BEIRUT (Reuters Life!) - The sparkling Mediterranean beckons as you touch down at Beirut airport. Pulsating lights from nightclubs give the capital a joyous, constant rhythm. Glamorous people drive fancy cars.
That was Lebanon during the free-wheeling 1960s when Marlon Brando and Brigitte Bardot used to stop by at the Saint Georges yacht club.
Lebanon is reliving that glamour in 2010, trying to shed a past marred by civil wars, assassinations and conflict with Israel.
While fears of war with its southern neighbor Israel are always simmering, for now the tiny country is trying to make the most of this window of peace.
Once-warring politicians have put aside their sectarian differences to work together to change the image of Lebanon into one of a country of prosperity and tolerance.
Reuters correspondents with local knowledge help visitors get the most out of a 48-hour visit. Western passport holders can get a visa at the airport, but make sure you don't have any stamps from Israel, still in a formal state of war with Lebanon.
2 p.m. - Drop your bags and head downtown where the Ottoman-era Grand Serail governmental palace stands regally on a hill top. To get an idea of Lebanon's diverse religious demographics, stop by the St. George Maronite cathedral right next to the blue-domed Mohammed al-Amin mosque. Explore the parking lot-turned-mausoleum in Martyr's Square where assassinated former Prime Minister Rafik al-Hariri is laid to rest. Hariri and 22 others were killed in 2005, sparking four years of political turbulence in Lebanon.
Walk along the boulevards lined with cafes and smoke a narguileh -- a flavored waterpipe -- as you watch locals and tourists flock to designer stores. If you're still feeling energetic, head westwards toward the corniche where you'll see a stark remnant of the 1975-90 civil war, the bombed-out Holiday Inn. Continue on to Hamra and explore its artsy street cafes.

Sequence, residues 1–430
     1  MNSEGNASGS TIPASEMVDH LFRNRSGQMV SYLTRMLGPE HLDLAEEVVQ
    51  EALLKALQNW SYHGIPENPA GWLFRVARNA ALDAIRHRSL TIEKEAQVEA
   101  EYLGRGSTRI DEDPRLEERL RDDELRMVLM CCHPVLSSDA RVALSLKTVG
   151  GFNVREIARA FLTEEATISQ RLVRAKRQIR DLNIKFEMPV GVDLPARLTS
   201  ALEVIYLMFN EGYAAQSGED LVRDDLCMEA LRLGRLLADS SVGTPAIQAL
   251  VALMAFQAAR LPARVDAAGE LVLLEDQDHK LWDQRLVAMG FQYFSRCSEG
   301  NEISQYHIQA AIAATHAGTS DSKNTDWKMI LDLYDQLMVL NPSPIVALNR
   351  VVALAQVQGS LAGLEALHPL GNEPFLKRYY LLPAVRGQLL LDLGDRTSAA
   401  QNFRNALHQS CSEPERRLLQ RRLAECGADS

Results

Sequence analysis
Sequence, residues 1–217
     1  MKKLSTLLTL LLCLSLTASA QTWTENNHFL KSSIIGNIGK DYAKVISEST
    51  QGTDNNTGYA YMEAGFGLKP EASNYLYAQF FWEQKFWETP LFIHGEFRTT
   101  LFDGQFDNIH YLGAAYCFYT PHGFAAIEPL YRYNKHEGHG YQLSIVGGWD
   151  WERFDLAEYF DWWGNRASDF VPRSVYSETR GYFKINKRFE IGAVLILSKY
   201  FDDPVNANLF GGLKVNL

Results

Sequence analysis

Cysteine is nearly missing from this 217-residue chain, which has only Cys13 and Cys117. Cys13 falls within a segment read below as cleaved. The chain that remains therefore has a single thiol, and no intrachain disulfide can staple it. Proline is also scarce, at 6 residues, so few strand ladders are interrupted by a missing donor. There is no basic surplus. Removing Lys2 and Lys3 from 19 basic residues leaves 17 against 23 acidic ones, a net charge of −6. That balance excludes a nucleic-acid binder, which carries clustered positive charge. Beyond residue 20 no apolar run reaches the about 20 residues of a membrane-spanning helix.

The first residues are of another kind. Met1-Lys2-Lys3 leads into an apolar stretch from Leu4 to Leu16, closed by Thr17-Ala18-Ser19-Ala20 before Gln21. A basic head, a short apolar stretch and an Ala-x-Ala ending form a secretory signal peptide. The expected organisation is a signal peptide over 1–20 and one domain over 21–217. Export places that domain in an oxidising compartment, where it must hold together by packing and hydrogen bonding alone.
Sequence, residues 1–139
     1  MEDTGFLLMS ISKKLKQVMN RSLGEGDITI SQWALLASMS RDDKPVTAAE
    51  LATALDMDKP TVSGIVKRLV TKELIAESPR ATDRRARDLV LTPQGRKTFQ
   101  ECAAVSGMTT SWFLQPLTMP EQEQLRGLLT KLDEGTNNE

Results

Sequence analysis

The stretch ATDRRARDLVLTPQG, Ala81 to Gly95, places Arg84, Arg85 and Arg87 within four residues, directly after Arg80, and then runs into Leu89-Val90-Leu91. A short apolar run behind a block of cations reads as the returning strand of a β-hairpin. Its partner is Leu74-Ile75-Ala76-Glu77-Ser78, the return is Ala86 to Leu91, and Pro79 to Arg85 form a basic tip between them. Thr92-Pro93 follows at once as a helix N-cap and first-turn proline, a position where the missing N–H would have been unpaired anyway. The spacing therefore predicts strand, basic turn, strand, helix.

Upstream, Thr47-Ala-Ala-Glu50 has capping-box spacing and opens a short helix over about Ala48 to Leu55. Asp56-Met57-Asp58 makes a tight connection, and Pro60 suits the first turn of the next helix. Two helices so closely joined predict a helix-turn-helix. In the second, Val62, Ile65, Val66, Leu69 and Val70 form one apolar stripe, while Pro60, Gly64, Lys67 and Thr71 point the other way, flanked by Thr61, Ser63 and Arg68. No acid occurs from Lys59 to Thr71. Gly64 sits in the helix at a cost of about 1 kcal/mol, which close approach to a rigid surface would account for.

The splendid campus of the American University of Beirut also lies there.
8 p.m. - Lebanese cuisine is one of the country's main attractions. There are hundreds of restaurants to choose from which serve staples such as tabbouleh, hummus and mixed grills. If you're feeling adventurous, try kebbe neyye, a type of minced raw meat, or chicken livers with pomegranate molasses. Abdelwahab, Karam and the Armenian Mayyas are among the favorite venues. If you want to experience a different part of Beirut, head to the southern suburbs, a Hezbollah bastion, and try the as-Saha restaurant, themed around an Arab village.
10 p.m. - Trawl through Gemmayze, a street lined with dozens of bars, and the place of choice for weekend drinking. Bar-hopping is an ideal way to experience the most of what Gemmayze has to offer, from bars with a laid-back ambiance to those oozing modernity. The street has bumper-to-bumper traffic on weekend nights when the glitterati arrive in chic sports cars.
Midnight - No trip to Beirut is complete without partying in Music Hall, an old cinema converted into a cabaret-style venue. Local and international artists perform a wide range of music, from folklore to the Beatles to Abba to hard metal to Beyonce's latest singles. House music plays in between acts and by the end of the night, people are dancing on tables. A nightspot favorite, book a week or two in advance to guarantee a table near the stage.